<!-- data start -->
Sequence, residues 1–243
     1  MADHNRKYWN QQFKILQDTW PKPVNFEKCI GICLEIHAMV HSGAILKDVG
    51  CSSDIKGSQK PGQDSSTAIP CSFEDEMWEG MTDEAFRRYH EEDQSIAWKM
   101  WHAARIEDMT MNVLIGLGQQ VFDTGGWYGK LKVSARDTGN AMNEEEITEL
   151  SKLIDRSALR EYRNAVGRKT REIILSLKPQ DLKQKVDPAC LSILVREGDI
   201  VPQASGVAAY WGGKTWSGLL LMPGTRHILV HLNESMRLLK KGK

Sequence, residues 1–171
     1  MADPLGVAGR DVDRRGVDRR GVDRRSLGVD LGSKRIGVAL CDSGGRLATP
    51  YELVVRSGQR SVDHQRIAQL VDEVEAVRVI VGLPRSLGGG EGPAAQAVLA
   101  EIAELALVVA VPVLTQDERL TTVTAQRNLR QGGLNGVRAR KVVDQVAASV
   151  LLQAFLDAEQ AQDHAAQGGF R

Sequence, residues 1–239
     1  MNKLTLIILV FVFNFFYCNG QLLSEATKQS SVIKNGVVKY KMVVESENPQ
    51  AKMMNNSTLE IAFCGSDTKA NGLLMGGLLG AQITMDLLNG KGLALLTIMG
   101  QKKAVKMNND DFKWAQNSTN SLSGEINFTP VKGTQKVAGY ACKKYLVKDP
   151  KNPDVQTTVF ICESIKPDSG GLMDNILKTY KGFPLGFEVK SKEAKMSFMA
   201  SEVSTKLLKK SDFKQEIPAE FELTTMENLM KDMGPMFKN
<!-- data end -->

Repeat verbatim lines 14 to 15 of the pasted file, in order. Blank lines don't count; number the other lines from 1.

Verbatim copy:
    51  AKMMNNSTLE IAFCGSDTKA NGLLMGGLLG AQITMDLLNG KGLALLTIMG
   101  QKKAVKMNND DFKWAQNSTN SLSGEINFTP VKGTQKVAGY ACKKYLVKDP